Though others may want to suppress Creationists and have tried to do so in many ways, we still have the freedom to observe and describe biology as it really is. I wish you happy hunting and learning.

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All the above said, I’d still like to show you another wonderful biological design. In a recent post I talked about the tiny bio-machines that produce energy for our body. The small molecule that carries this energy to other chemical reactions is called adenosine triphosphate (ah-DEN-oh-seen try-FAHS-fate). The commonly used nickname is ATP. The mechanism for muscle contraction is one of the many uses for ATP. Our muscles have muscle cells with muscle proteins inside. These have technical names, which you can learn if you are inclined. But you don’t have to know their labels to see the way they operate. An explanation of muscle is at the Wikipedia website here and the link to the picture is here.



Two types of proteins form strands that interact to pull and release so the muscle can move. One of these strands has a lever at the end which can flip when ATP combines with it. When the energy from ATP is released, the remaining part is called ADP (adenosine diphosphate). The “tri-” and “di-” before the phosphate indicate a section of the molecule was removed when energy was given off. ADP has to be eventually turned back into ATP by the mechanism given in the other post.

Here is a video of the process from DNAtube:



Amazing to think of all this going on whenever we move our muscles.

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Addendum: I have made some changes to my “Related Links” in the right column. I am sorry for any inconvenience, since a past reference to a link there may now be obsolete. I put the links on the right for convenience for some common biological terms and a few other miscellaneous sites.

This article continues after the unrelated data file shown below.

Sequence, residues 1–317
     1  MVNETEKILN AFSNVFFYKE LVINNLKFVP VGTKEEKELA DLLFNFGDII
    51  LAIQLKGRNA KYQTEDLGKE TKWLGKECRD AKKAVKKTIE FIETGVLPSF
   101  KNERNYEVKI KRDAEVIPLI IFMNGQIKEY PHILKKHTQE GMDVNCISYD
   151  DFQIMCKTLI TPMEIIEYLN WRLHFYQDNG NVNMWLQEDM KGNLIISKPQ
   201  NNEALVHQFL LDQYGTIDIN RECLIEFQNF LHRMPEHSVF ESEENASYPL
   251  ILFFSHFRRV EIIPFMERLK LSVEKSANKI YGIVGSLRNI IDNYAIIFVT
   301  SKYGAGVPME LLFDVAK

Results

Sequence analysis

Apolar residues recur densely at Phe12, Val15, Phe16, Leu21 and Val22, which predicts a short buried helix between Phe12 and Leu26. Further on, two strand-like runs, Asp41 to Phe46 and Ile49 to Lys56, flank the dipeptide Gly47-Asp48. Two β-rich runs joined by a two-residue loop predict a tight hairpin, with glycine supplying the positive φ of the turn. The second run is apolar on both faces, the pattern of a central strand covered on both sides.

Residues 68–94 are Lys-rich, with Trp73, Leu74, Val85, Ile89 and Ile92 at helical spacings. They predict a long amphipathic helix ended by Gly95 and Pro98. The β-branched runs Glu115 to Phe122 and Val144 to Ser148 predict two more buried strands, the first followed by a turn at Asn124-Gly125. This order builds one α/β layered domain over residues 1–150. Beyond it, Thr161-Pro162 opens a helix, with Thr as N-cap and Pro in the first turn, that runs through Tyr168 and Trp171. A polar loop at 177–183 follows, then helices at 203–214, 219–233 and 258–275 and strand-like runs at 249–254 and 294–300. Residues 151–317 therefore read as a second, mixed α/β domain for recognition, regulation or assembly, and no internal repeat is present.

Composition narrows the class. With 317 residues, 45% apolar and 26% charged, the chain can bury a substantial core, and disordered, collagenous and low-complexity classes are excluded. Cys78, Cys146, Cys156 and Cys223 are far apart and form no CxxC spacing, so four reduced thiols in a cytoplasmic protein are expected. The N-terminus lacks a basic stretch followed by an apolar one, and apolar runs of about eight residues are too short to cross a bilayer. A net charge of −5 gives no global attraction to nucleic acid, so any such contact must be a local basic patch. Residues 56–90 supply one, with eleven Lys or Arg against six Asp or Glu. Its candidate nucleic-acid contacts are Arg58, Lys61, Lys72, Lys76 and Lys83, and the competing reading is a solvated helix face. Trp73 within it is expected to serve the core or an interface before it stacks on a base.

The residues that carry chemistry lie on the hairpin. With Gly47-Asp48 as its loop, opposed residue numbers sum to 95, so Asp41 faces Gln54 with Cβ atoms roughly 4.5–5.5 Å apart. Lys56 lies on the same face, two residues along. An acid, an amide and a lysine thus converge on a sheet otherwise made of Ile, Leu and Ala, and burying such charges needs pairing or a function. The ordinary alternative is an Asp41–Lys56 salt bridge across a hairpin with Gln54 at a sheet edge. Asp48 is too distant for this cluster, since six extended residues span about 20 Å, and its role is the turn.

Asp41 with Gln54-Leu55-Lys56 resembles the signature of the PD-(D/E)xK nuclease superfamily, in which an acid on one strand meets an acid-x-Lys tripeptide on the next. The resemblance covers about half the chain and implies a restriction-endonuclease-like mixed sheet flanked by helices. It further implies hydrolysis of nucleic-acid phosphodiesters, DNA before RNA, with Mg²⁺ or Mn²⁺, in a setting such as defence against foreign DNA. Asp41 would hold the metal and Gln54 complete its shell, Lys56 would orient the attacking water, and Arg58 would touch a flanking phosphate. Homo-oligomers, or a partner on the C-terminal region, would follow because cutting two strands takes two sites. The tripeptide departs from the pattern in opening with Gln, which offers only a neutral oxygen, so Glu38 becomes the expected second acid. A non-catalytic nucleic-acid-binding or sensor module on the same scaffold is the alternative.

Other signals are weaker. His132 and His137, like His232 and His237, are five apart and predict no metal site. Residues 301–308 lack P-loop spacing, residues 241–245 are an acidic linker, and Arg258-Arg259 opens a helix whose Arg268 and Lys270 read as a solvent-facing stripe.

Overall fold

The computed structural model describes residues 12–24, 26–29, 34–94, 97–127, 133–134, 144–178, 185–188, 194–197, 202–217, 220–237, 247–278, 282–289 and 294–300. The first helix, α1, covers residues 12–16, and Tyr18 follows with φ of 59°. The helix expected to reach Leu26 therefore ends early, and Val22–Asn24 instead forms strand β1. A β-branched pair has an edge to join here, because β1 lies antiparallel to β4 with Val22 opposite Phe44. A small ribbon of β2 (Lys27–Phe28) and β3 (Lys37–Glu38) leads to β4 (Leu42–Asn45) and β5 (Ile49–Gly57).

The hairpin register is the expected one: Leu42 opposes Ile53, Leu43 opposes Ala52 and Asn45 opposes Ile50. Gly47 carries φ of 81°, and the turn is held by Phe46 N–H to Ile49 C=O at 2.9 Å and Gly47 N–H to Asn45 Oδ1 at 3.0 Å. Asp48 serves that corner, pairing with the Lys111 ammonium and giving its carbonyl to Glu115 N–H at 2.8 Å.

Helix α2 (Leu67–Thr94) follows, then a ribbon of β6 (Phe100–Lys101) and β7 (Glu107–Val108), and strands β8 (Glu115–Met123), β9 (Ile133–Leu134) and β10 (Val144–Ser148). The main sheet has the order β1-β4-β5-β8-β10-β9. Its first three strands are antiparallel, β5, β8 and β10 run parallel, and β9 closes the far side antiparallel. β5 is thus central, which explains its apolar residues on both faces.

Thursday, February 14, 2013

A New Day

What a difference a week makes. Pope Benedict XVI resigned. He had said all along he doesn’t think someone who is unable to do the job should stay, and I am glad for that. In these days of advanced technology, people often live longer but don’t necessarily retain competence. I don’t know if traditionalists would agree, but I hope they appreciate this is better than having years of waiting for another leader.

Some may dread change, but others look forward to it with cautious hope. Though some Catholics seem willing to ignore the child sex abuse crisis in the Church, may I remind them that we need to protect the vulnerable as well as hold up the faith. It should be possible to do both. No matter how one may dislike media, they have reported much that was true. In fact, it has been victims, their lawyers and the media who have informed us of secret policies of the Church. These have included hiding the identity of predator priests and passing them on to unsuspecting parishes and communities.